It is a common misconception that only IT firms or other companies in the technology sector are targets in data breaches. Businesses of all size across all industries are vulnerable to cyber-attacks and data breaches, and not even nonprofit organizations are safe.
Nonprofit and social service organizations in fact have their own unique set of cyber liability concerns. While Nonprofits do not operate under the same business model as “for profit” businesses, they still conduct many of the same operational activities and are subject to many of the same risks of data breach.
The National Council of Nonprofits has designated three key cybersecurity concerns for nonprofit and social services organizations:
- Conducting any sort of e-commerce, including processing donations and event registrations;
- Storing and transferring personally identifiable information (PII) belonging to donors and others; this includes driver’s license or state identification information, addresses, medical information, Social Security numbers, banking information, and more;
- Collecting information on the habits and preferences of people including donors, patrons, and subscribers.
It should also be noted that the loss of hard copy (paper) documents that contain protected information is also considered a data breach and has potentially the same exposure to statutory penalties and 3rd party claims. Organizations that do any of the above or utilize technology in any way in their day-to-day operations should ensure that they have an understanding of their risk profile and secure the appropriate insurance coverage for their operation. Coverage can be provided either under a stand-alone Cyber Liability policy or through endorsement to the General Liability or Directors & Officers Liability policy. Your insurance/risk management professional can assess the most appropriate coverage for your organization. The programs offered through BMTIA for nonprofits and social services include Cyber Liability coverage specifically designed to cover this sector’s unique needs.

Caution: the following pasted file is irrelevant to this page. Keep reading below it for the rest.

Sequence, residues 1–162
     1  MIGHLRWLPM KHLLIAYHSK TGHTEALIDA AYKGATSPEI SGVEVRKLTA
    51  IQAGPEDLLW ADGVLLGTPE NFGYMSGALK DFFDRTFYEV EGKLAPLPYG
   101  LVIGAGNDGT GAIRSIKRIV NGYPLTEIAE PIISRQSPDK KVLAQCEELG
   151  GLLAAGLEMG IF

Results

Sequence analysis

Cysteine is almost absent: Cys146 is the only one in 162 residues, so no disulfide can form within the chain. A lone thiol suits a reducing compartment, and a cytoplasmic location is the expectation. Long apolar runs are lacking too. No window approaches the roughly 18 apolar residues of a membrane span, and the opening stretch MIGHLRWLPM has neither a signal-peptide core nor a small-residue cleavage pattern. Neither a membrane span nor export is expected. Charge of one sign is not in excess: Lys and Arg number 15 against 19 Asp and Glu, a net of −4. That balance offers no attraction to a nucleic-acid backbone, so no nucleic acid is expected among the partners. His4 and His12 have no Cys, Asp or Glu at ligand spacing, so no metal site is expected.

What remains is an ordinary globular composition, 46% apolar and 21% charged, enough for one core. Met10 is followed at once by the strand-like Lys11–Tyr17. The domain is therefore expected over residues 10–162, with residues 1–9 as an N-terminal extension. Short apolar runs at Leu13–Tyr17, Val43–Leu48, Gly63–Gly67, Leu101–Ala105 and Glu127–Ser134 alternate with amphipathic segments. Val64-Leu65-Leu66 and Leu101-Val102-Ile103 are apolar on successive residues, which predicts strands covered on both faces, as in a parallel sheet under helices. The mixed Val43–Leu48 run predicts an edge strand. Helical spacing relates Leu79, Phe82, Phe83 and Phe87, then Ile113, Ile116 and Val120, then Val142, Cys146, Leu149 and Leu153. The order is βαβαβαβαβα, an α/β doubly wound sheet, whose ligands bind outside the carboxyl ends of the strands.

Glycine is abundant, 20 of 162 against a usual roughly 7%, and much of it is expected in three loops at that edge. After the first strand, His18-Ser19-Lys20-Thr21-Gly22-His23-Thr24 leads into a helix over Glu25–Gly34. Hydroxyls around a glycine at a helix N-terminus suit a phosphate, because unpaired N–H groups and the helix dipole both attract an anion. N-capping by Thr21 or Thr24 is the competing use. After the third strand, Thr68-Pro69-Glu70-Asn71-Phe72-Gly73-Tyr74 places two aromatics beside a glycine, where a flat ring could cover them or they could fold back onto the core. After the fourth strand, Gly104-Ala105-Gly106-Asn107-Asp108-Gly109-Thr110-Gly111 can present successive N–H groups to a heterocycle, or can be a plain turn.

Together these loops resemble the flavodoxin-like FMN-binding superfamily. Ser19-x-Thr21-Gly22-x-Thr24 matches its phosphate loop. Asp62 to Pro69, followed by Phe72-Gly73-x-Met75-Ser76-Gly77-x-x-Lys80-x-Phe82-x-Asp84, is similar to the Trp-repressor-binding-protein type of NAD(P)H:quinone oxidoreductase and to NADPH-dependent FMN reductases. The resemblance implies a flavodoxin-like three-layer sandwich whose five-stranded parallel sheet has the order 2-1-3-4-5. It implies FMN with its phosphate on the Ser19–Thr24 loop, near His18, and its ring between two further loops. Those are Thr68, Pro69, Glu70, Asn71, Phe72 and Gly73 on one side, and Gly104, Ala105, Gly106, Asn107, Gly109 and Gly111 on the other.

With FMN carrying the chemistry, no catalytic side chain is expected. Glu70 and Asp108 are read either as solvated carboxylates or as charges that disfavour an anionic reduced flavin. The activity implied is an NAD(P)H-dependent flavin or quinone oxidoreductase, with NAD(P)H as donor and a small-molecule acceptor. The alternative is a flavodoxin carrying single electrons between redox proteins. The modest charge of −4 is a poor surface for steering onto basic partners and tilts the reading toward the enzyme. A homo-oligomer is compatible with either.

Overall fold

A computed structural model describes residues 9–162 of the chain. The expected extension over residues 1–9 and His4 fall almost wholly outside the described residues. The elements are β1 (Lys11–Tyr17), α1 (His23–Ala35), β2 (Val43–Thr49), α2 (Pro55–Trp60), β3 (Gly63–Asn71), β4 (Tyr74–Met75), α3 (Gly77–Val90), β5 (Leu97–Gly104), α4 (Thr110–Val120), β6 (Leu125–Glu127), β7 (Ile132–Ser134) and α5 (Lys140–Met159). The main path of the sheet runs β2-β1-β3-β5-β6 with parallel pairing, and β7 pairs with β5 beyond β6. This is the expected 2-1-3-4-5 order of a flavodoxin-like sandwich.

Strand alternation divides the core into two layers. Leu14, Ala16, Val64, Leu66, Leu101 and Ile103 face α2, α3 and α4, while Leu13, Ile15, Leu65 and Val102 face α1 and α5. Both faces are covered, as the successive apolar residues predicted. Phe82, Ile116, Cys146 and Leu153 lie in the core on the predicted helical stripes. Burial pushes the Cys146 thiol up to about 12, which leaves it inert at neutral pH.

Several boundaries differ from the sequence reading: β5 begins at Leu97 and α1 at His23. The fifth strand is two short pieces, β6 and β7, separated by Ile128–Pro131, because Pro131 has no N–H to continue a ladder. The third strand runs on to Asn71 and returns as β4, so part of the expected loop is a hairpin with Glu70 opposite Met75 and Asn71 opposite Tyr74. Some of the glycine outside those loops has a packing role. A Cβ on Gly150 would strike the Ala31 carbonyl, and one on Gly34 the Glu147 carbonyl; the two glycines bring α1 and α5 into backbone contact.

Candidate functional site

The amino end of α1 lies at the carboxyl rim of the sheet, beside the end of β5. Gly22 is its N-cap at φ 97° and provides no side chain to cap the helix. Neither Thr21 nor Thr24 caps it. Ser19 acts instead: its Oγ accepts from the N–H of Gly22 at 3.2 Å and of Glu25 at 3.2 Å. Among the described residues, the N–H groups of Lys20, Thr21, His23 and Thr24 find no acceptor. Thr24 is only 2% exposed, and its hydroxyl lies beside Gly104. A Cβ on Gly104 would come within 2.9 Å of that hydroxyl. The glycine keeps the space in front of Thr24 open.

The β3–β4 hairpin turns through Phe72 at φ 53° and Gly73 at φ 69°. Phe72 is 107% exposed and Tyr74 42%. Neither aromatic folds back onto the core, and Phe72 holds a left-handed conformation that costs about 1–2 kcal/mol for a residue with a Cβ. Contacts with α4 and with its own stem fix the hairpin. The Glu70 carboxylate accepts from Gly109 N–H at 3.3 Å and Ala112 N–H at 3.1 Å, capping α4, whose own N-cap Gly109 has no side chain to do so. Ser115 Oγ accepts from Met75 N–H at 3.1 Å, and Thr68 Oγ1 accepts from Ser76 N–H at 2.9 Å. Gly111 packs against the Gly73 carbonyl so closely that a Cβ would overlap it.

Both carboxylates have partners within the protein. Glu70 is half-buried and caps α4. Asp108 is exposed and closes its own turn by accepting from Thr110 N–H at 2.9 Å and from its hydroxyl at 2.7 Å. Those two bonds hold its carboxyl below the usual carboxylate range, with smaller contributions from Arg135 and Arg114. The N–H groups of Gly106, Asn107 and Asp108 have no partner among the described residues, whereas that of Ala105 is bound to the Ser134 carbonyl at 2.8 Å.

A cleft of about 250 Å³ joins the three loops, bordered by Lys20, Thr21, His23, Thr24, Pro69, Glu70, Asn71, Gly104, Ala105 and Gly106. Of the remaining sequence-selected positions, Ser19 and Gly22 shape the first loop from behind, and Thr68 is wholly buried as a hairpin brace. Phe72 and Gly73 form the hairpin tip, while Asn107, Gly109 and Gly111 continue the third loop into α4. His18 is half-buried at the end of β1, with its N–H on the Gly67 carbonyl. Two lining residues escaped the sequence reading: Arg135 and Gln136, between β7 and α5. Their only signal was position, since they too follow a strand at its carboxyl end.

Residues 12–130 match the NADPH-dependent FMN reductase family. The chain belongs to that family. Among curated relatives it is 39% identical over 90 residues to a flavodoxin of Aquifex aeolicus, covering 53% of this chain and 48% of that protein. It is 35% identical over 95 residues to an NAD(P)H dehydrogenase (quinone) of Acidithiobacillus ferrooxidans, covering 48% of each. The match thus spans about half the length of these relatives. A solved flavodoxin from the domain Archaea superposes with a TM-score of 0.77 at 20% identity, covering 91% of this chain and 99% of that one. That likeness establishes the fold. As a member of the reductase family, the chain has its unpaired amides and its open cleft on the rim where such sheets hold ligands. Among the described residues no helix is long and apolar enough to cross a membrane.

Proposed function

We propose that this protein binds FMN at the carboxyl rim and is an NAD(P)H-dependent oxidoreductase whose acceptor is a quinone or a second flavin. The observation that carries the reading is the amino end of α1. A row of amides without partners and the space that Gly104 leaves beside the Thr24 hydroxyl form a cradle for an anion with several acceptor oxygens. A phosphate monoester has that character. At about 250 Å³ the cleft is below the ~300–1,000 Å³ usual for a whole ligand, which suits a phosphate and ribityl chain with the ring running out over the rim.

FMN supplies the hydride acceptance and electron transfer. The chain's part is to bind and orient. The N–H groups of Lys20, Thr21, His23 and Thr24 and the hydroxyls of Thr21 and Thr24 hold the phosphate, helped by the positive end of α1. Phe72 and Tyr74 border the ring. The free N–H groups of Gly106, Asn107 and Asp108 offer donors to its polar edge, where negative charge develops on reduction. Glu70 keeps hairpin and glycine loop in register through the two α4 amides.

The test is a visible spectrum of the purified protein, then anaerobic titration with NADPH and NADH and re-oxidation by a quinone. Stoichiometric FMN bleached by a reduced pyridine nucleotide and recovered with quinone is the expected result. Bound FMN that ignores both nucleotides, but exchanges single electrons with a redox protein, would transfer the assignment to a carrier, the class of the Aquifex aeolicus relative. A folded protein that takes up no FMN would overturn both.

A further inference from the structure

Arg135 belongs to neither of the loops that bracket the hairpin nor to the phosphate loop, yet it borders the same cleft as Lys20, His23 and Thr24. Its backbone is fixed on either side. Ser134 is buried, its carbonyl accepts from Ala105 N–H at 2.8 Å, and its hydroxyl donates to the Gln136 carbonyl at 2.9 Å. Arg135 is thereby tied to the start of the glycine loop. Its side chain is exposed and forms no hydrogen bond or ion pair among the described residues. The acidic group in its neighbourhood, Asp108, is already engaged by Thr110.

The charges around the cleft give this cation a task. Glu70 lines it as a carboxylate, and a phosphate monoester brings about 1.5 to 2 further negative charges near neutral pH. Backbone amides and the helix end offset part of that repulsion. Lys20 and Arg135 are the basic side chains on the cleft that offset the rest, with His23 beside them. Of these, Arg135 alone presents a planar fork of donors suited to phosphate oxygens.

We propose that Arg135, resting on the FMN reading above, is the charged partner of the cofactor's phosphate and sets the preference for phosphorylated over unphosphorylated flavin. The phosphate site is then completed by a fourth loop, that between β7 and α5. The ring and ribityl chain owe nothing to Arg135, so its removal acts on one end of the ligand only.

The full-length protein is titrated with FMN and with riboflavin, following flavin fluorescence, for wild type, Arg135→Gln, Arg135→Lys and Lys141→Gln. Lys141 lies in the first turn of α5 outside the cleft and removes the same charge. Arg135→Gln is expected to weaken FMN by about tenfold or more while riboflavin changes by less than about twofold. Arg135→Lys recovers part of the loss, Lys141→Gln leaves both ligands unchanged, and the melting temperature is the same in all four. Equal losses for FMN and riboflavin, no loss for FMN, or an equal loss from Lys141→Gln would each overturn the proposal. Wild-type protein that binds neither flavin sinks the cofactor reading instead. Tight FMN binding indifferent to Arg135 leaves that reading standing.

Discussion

First-Party Cyber Coverage
First-Party coverage strictly covers the cost of the data breach itself. If a breach occurs and information is compromised, this policy will cover the costs associated with:
- Data restoration and recovery
- Notifying clients and any other affected individuals
- Statutory fines and penalties
- Data forensics to determine the source of the breach
- Public relations campaigns to repair any reputation damage
- Credit monitoring services for affected individuals
- Cyber extortion demands
- Ransomware and potential payment to retrieve locked data
Third-Party Cyber Coverage
Unfortunately, the cost of a data breach does not just stop when the breach is contained and the incident has ended. It is not uncommon for an insured organization’s client to subsequently sue the organization to recover damages from having their information breached. This is where Third-Party coverage enters the equation, providing coverage from costs including:
- Attorney fees
- Court costs
- Settlements or judgments
While there have been very few successful third-party cases, the cost of defense can be substantial.